Cultural Scope


There are so many customs and culture-related items that we could disappear down a research rabbit hole, so we’ll focus on things likely to be useful as storytellers and gamers. In addition to working out details in advance, world builders can refer to this chapter when creating scenes.

While much of culture can be invented when we need it, the disadvantage is inconsistency if we’re not careful and take notes. We can invent something earlier in a story or series, then forget and contradict it later. Generally, people (like our characters) don’t care about customs until encountering ones different from theirs or when expectations are not met. In the latter case, judgment about the offender results. This is one value to us as storytellers.

If we need a reason for characters to not be accepted warmly, failure to follow customs is a solution. This can be individual characters or whole groups rejecting someone. It can be wise or fun to include a character who is more well-traveled than other characters and understands how to navigate other lands without offense. This requires at least two cultures: the one our characters are from and the one in which the story takes place.

What is Culture?

Culture is an abstract, complex concept. Most of us have a vague understanding of what it means, but when we’re building cultures, we need clarity to know what elements to invent, why, and how. Culture is a social group’s lifestyle. It is symbolic communication and often taken for granted, which is one reason we have troubling grasping the concept. It is a set of expectations. It evolves over time, though slowly, sometimes with bursts of social change. It not only differs across sovereign powers, but within regions and settlements. The culture of football players is different from that of rock musicians. Nonetheless, if they exist in the same society, they’ll share other elements of culture; to coin a term, we might call this “cultural scope,” which will be discussed further in this chapter.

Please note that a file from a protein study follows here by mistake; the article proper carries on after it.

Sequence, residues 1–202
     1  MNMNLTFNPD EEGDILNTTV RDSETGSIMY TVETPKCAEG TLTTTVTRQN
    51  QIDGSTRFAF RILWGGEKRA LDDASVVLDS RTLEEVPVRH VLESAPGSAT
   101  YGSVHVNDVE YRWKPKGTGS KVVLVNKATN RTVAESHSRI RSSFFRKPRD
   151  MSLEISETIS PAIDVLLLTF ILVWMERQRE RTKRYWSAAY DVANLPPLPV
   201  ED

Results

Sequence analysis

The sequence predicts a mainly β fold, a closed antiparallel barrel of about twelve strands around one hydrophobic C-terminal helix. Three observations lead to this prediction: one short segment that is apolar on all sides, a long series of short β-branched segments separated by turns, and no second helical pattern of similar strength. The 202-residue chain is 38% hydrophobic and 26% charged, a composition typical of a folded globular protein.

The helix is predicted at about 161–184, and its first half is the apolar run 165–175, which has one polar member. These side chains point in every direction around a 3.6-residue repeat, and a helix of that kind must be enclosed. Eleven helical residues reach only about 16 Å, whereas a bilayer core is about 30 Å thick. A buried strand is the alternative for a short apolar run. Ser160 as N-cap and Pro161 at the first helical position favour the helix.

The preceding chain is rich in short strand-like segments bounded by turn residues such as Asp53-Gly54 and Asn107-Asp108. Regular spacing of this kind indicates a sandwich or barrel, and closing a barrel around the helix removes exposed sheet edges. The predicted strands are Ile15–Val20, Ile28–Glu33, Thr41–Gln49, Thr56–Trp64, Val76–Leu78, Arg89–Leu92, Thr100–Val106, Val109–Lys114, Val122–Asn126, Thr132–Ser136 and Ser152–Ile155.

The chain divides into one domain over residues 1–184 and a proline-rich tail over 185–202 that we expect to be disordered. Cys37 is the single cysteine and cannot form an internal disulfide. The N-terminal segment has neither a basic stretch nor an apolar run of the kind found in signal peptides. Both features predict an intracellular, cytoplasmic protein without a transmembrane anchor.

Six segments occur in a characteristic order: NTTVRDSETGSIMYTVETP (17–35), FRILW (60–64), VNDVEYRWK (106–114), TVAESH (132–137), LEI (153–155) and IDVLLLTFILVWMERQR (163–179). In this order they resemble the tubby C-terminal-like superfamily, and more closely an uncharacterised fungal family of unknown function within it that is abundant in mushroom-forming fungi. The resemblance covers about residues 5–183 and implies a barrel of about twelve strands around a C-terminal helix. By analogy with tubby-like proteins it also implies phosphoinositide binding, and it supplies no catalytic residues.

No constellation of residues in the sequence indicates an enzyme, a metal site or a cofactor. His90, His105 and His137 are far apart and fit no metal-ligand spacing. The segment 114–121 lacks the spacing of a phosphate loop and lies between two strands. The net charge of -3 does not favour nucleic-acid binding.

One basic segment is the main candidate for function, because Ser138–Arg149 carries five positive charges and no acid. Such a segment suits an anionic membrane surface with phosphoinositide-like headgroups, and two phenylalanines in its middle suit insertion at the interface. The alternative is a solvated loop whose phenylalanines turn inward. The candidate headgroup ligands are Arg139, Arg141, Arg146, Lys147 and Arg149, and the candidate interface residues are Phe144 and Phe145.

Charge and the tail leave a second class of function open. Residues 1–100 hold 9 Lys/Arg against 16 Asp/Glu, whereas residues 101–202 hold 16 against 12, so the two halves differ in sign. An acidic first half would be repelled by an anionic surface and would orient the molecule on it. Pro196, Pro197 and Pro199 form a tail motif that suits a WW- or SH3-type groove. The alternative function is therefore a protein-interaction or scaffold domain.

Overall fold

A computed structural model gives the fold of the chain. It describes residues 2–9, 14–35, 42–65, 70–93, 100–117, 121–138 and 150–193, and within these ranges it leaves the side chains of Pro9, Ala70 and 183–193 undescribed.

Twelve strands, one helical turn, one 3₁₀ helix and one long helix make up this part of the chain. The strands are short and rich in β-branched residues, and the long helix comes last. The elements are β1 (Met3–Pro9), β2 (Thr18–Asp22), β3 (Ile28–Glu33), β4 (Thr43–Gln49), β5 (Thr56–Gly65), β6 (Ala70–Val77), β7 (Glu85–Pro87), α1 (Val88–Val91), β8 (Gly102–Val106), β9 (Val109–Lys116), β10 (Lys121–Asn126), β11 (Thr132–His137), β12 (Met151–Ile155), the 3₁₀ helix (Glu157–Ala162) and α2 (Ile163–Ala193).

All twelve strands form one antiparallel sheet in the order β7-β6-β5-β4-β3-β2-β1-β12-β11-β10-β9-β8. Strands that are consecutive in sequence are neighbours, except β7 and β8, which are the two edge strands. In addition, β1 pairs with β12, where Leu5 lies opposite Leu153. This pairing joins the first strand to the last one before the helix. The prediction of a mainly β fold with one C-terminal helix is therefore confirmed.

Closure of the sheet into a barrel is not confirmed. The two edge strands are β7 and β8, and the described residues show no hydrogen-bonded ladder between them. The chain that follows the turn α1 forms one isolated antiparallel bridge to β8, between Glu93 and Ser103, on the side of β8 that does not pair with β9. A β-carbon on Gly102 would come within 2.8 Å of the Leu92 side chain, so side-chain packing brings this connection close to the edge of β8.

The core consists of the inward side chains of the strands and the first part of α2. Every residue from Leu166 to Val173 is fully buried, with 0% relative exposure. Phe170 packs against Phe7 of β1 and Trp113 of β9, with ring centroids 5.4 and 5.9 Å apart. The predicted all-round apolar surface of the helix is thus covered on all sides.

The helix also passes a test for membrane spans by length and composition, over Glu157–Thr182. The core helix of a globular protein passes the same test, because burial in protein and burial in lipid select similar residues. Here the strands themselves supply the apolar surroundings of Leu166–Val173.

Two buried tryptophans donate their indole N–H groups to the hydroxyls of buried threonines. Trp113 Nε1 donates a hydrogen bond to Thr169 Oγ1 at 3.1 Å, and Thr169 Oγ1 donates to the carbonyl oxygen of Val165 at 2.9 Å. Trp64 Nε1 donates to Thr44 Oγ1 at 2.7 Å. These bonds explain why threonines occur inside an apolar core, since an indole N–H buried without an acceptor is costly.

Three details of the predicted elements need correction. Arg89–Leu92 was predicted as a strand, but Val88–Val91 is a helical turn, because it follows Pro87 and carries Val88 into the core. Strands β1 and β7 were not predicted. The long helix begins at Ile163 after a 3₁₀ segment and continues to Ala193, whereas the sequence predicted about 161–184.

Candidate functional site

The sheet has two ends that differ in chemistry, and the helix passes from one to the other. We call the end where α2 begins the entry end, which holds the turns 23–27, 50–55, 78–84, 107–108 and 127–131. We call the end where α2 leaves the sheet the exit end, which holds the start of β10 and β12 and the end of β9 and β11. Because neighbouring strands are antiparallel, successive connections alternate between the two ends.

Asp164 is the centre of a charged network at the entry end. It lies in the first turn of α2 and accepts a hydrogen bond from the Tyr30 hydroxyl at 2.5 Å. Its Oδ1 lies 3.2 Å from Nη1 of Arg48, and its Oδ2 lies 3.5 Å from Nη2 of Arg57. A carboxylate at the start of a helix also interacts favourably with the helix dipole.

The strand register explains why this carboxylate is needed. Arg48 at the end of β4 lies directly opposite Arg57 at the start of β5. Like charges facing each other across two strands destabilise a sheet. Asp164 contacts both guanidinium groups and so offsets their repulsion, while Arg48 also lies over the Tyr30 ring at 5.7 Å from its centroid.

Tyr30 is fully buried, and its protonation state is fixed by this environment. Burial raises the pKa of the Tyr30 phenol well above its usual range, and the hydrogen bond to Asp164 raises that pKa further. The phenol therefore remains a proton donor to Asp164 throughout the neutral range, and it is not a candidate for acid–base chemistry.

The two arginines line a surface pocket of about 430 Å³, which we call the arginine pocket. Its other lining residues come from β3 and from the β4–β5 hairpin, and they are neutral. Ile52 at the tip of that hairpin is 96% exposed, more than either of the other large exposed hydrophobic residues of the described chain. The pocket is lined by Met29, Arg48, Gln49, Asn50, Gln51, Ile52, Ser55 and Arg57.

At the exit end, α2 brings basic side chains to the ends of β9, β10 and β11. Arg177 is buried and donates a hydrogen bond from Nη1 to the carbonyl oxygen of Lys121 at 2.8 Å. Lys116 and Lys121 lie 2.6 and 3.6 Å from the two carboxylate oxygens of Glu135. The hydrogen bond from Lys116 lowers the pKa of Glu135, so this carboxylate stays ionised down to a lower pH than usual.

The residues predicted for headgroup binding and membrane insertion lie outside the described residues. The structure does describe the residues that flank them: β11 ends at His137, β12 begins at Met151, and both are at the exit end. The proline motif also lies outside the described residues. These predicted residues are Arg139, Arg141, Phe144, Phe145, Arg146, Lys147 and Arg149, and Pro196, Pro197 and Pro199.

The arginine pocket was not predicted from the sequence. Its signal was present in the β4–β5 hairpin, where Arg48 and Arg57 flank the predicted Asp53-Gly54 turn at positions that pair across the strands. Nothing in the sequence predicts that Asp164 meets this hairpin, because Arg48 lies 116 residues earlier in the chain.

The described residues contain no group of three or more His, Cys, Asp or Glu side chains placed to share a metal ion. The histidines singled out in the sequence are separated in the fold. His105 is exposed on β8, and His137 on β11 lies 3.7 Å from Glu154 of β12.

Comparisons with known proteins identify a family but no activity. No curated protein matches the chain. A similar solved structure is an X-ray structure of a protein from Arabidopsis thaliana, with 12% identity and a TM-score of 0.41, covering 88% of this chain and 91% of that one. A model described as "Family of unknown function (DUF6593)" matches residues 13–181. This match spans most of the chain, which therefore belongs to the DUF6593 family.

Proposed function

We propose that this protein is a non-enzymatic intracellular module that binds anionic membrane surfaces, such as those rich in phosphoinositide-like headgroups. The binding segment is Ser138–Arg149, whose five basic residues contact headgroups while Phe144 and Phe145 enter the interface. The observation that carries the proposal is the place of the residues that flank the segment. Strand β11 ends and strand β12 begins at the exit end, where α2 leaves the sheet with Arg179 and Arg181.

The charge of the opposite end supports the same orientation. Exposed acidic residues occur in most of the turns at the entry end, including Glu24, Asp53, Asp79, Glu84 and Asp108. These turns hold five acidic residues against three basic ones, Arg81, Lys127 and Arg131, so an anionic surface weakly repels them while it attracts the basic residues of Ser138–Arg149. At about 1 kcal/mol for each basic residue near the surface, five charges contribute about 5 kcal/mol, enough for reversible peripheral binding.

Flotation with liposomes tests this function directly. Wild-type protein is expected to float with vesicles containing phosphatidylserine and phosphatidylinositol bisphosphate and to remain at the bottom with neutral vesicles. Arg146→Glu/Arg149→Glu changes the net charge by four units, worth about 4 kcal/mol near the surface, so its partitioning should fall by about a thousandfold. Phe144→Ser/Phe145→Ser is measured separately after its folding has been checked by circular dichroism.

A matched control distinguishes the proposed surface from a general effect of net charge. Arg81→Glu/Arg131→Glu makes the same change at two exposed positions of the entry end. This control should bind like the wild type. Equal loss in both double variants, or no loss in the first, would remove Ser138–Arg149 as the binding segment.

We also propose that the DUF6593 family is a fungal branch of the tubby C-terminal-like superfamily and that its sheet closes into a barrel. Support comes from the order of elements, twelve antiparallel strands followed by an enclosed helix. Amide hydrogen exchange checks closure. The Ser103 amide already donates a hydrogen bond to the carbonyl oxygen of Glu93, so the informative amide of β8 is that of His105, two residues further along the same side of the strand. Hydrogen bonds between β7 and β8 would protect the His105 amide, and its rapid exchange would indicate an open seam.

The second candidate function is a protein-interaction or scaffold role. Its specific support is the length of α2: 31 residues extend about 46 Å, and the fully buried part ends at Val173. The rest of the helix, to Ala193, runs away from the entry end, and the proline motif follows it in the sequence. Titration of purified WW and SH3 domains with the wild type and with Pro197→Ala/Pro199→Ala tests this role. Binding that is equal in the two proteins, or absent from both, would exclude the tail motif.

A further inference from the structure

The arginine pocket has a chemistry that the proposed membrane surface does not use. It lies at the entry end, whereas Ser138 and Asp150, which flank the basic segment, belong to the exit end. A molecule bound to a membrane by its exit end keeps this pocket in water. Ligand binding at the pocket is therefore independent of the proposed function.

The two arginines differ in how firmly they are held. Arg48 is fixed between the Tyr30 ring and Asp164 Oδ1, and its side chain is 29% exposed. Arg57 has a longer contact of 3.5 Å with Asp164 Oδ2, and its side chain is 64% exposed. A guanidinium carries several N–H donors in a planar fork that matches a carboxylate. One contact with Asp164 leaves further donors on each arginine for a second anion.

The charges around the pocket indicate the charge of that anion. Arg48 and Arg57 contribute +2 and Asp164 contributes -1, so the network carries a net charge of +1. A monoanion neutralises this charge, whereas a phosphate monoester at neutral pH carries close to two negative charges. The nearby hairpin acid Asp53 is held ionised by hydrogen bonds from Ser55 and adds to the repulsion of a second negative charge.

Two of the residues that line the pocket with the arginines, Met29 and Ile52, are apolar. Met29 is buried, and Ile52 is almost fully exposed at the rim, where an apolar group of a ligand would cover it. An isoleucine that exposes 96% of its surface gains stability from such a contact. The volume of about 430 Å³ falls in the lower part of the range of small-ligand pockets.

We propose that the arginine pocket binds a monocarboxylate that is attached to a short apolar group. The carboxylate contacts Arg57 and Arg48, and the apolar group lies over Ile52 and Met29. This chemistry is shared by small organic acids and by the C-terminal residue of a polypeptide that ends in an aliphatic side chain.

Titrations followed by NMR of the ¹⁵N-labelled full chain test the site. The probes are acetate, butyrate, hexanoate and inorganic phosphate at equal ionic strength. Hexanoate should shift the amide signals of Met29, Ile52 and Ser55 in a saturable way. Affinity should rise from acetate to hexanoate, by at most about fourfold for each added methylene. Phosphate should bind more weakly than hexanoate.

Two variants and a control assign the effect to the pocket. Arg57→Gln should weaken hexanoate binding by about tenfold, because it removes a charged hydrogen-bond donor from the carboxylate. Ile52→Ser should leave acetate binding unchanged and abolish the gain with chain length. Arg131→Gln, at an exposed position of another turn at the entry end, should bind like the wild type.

The case can be made that values, beliefs, and morals are the origins of culture. These are ideas. And they manifest as rituals, habits, customs, art, music, and the use of language. When broken down this way, it becomes easier to determine what work must be done, and in what order: the ideas, then the manifestations. This is how we’ll approach inventing culture, rounding out our concepts before deciding what they’ve resulted in.

Even if inventing the ideas first is helpful, we may have a few of the resulting manifestations in mind because we thought of them first, but this is fine. We can work backwards from them and try to determine what ideas they imply. For example, if rigid formality exists in greetings, we can infer that people feel oppressed or suppressed, or that open expression of feelings is frowned upon. This can help us create more manifestations, but it can also suggest some values: that emotion is considered weak, that dignity is prized, or that appearance is important. We’ll look more closely at this.

Cultural Scope